People with Disabilities: Jobs and Technological Accessibility
Synopsis: Some of todays technologies enable us to interact with each other on business levels despite a persons disability. Accessibility is not all about curb-cuts and door openers. Accessibility is also about creativity and open-mindedness in workplace environments. Enabling People with Disabilities to work from our own homes performing very useful office and administrative tasks truly is both accessibility and accommodation. People with Disabilities can perform any number of business and administrative tasks. We can perform tasks such as customer service, accounting, document processing of a variety of types, conferencing duties, and more. What is needed is a change in the perspectives of employers.
Americans, as well as everyone else around planet Earth, have a variety of technologies available to them at low or no cost that enable us to interact with one another in many ways.
Some of these technologies enable us to interact with each other on business levels, despite a person's disability. These technologies include operating systems, office packages, phone service, and much more.
Ubuntu Operating System and Accessibility Features
The Ubuntu Operating System is free of charge for anyone at all to download from the Internet, burn to a CD or DVD, and use. The operating system has a number of accessibility features and offers these features quite intentionally. Ubuntu states, "Ubuntu aims at making the operating system, and its derivatives, usable by as many people as possible across ages, languages and physical abilities. This includes providing an accessible platform with high quality assistive tools, and ensuring that other applications work well with these. The assistive tools on Ubuntu, along with the entire operating system, are provided free of charge."
Ubuntu has a built-in screen reader named, 'Orca,' that is flexible and uses various combinations of speech synthesis.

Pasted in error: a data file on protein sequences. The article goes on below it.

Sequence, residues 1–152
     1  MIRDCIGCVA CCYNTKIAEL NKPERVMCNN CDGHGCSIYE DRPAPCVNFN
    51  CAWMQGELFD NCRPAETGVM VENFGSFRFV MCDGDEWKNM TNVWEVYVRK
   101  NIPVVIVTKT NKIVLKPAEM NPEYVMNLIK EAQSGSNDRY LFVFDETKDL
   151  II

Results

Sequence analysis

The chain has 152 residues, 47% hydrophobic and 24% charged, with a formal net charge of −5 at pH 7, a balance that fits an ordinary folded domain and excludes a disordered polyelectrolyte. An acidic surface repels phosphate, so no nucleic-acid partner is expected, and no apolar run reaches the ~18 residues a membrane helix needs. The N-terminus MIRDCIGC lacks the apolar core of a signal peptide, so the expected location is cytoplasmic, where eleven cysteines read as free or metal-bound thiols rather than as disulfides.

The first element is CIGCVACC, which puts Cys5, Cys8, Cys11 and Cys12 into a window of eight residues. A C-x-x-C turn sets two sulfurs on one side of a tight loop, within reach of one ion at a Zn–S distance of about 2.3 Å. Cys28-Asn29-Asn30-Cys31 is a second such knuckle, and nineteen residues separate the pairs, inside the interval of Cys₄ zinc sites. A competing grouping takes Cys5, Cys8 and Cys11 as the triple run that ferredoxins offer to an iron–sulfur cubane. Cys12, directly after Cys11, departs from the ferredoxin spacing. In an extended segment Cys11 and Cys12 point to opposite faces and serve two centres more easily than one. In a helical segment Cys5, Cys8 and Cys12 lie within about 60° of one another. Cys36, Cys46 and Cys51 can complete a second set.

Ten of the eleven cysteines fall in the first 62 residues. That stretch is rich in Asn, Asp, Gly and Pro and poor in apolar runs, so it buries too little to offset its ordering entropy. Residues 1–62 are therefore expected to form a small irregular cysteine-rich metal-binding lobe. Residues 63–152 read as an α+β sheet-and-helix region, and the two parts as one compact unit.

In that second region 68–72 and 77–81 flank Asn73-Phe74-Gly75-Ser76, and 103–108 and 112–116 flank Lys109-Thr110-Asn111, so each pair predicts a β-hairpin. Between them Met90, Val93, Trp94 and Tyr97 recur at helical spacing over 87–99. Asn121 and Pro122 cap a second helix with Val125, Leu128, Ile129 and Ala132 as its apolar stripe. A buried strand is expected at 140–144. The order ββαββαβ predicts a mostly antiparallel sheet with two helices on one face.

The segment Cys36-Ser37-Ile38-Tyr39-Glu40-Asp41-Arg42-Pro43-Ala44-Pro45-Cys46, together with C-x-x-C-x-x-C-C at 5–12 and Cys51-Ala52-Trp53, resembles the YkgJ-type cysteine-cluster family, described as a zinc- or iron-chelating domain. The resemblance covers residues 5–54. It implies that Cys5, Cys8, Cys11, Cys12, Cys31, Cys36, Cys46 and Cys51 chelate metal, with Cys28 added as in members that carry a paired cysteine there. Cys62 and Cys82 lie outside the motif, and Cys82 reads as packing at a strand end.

Orca uses Braille, as well as magnification, and helps to provide access to applications and toolkits that support the AT-SPI or Gnome desktop. The development of Orca has been led by Sun Microsystems.
For people with mobility impairments, Ubuntu offers a number of assistive features. Keyboard modifiers are one of these features, giving users a number of options for modifying the behavior of their mouse and keyboard. The modifier keys Shift, Ctrl, and Alt can be made, 'sticky,' so when they are pressed once they stay active until another key is pressed. What this does is make it possible to type in upper case characters, or to use the keyboard shortcuts while only pressing one key at a time.
Additional features include, 'slow keys,' and, 'bounce keys,' things that control the reaction and repeat rates of keys on the keyboard, as well as, 'mouse keys,' something that permits the numeric keypad to be used to control the mouse cursor. Ubuntu offers an on-screen keyboard called, 'onBoard.' It is a lightweight text-entry application that is extensible through scripts, macros, and custom layouts. Another on-screen keyboard is available as well called, 'Gnome On-Screen Keyboard,' or, 'GOK.' GOK also does basic text entry, but additionally provides facilities for controlling the entire desktop and its behavior through the on-screen keyboard.
For people who are unable to click with a hardware button, Ubuntu offers a utility called, 'Mousetweaks,' that enables them to perform various clicks through software. Mousetweaks gives people a number of features such as:
- System-wide software click, usually called dwelling
- System-wide simulated right click through a click and hold of the left button
- An area on the panel to temporarily lock the pointer. It uses image processing to translate the person's head movements into mouse events that allow people to interact with the different desktops, managers and applications.
Ubuntu also offers something called, 'Dasher,' that provides an intuitive way for people to enter text without using a keyboard at all! Dasher uses a head-mouse or eye-tracker instead. There is also a speech recognition engine in Ubuntu known as, 'Julius,' that can be used to recognize voice commands and to execute pre-set commands.
Office Software and People with Disabilities